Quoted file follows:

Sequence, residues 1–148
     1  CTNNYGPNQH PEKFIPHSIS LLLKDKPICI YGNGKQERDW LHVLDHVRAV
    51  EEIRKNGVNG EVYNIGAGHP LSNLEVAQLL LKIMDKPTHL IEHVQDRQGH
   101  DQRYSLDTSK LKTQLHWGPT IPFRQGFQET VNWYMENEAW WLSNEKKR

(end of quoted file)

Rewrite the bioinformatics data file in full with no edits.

Sequence, residues 1–148
     1  CTNNYGPNQH PEKFIPHSIS LLLKDKPICI YGNGKQERDW LHVLDHVRAV
    51  EEIRKNGVNG EVYNIGAGHP LSNLEVAQLL LKIMDKPTHL IEHVQDRQGH
   101  DQRYSLDTSK LKTQLHWGPT IPFRQGFQET VNWYMENEAW WLSNEKKR